'My book has almost no sex in it. There is sexuality but very little even of that.'
Random House then sent the manuscript to three Muslim scholars. Two said the subject matter could offend some Muslims. On May 21, Random pulled the plug.
Miss Jones's agent found her another publisher in the U.S. and then Mr Rynja's Gibson Square imprint in the UK.
The author believes that the impression her novel gives of the Prophet is positive.
'Mohammed was compassionate, wise, gentle and charismatic and respected women.'
She said that some of the worst hate mail she had received was from people who accused her of being an apologist for Islam.
The man willing to take on books that others find too hot to handle
Publisher Martin Rynja is described by one literary admirer as 'a beautiful man with beautiful manners'. Another coos that he is 'a total sweetie'.
The Dutchman's professional reputation is altogether more robust. He has made his name in recent years by publishing books which larger, more established firms felt were too hot to handle.
On Saturday morning this approach saw Mr Rynja's £2.5million townhouse in Islington - which was both his home and office - become the target of a firebomb attack when three men poured petrol through the letterbox and set it alight.
Mr Rynja, 44, went into publishing after studying law at Leyden University in the Netherlands and Oxford.
He held a senior commissioning position at the long-established publisher Duckworth before setting up Gibson Square Books six years ago.
The firm was named after the elegant North London address at which he lives and works.
His first big coup, in 2004, was to snap up the UK rights for American author Craig Unger's House of Bush, House of Saud.
It explored the links between the White House and the Saudi royal family in the light of the 9/11 terror attacks and was a best-seller in the U.S..
Ironically, the UK's altogether more robust libel laws frightened off its U.S. publisher Random House from selling it here.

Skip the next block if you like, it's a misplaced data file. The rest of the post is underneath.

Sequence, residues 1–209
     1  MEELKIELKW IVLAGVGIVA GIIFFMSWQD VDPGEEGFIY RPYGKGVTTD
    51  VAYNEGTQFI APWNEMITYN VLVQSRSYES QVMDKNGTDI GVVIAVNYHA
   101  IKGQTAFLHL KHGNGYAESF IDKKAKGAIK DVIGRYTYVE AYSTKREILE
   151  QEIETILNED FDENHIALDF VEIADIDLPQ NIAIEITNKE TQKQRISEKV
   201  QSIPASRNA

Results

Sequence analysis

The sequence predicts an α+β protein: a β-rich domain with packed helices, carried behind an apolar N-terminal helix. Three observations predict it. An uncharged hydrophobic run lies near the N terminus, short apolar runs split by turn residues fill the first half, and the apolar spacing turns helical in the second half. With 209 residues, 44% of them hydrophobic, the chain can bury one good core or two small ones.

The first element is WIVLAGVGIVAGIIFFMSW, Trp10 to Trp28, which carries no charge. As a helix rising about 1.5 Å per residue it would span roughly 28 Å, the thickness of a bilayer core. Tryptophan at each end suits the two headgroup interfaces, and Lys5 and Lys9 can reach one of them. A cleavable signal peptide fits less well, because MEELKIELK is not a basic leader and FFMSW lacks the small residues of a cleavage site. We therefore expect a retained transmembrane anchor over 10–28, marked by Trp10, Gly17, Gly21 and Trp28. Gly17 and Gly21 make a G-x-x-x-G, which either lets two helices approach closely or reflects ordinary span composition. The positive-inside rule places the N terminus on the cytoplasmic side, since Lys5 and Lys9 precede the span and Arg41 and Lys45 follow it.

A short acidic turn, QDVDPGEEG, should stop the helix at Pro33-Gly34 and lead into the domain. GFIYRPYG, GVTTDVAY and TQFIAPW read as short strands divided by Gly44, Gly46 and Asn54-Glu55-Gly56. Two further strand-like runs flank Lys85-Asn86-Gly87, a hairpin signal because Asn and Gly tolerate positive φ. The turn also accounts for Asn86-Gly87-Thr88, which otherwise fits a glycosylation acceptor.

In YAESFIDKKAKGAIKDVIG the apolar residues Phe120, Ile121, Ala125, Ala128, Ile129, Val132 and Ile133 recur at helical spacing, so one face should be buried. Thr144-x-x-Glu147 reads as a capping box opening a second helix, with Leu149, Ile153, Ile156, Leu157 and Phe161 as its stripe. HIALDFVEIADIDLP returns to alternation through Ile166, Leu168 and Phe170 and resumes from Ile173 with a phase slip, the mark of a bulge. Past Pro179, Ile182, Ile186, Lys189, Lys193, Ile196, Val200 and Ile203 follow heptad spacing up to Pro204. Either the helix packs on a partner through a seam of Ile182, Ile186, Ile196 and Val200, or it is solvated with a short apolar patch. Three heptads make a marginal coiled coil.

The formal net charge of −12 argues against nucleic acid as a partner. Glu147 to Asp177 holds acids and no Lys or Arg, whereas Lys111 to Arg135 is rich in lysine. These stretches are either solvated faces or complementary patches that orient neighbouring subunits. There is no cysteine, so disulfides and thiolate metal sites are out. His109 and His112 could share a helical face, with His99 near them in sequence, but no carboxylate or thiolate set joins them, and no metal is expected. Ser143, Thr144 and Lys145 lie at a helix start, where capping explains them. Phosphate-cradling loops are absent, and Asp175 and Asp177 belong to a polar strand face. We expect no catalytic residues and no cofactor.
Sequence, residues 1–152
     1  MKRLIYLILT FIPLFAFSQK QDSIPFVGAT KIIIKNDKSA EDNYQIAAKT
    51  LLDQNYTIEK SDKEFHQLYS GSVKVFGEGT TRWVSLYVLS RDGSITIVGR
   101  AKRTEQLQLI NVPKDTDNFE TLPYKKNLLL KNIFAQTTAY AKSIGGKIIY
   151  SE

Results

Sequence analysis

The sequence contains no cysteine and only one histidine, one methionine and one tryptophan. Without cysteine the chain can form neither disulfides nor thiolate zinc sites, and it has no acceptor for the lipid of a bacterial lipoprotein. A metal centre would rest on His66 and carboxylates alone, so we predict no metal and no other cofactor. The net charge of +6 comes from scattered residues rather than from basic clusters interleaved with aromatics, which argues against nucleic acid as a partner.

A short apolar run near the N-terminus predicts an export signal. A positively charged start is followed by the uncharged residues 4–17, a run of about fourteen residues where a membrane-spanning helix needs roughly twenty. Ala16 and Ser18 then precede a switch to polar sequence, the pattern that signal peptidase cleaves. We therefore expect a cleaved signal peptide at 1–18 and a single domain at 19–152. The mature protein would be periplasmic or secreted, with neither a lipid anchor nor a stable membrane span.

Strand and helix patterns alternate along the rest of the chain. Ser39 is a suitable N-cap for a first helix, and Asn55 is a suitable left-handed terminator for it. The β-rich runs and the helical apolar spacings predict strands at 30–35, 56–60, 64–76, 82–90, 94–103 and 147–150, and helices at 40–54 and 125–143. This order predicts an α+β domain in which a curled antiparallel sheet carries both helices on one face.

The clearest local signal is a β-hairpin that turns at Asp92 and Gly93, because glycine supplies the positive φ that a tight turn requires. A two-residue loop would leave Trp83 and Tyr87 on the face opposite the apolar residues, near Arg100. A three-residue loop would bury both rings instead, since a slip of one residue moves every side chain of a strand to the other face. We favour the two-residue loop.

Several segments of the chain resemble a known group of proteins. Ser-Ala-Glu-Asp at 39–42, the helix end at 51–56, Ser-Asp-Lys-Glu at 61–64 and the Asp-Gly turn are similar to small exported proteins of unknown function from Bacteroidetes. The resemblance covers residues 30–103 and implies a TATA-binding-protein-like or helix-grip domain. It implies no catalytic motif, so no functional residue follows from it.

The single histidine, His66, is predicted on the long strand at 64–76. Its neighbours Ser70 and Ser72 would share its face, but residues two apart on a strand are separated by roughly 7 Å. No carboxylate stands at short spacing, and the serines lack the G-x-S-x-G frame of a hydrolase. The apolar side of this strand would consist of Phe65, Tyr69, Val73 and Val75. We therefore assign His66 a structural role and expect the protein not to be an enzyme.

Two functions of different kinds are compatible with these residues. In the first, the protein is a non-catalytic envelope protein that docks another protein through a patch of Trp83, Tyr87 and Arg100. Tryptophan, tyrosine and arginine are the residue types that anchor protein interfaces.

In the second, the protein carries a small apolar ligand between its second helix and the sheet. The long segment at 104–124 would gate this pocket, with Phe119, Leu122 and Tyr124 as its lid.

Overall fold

They predicted legal problems for anyone who did. So Mr Rynja stepped in, with typically forthright comments.
He said that Random had 'chickened out' in a disgraceful retreat from the principles of free expression.
Last year saw two further controversies. Gibson Square published OJ Simpson's If I Did It, his 'hypothetical' account of how he would have killed Ron Goldman and Nicole Brown Simpson.
The book had originally been bought by the U.S. publishing giant HarperCollins, which later dropped it in the face of mounting criticism.
Although the royalties were going to the Goldman family, few publishers in the UK were interested in courting such bad publicity.
Not Mr Rynja. On the jacket of the Gibson Square edition the 'if' of the title was barely visible. 'It reflects the grey area (of the case),' he explained.
Gibson Square also re-published Blowing Up Russia: The Secret Plot to Bring Back KGB Terror, by Alexander Litvinenko, the dissident former KGB agent who was murdered in London by exposure to radioactive substances.
Mr Rynja declared it to be 'an important book which deserves to be read'.
According Miss Jones's agent Gibson Square was chosen for the UK rights to The Jewel of Medina because of its track record of handling difficult books.
When the UK publication of the book - which so far has only been published in Serbia - was announced Mr Rynja said: 'I immediately felt that it was imperative to publish it.
'In an open society there has to be open access to literary works, regardless of fear.'
• Scotland Yard said three men aged 40, 22 and 30 were arrested under the terrorism act following the attack on Mr Rynja's home in Islington.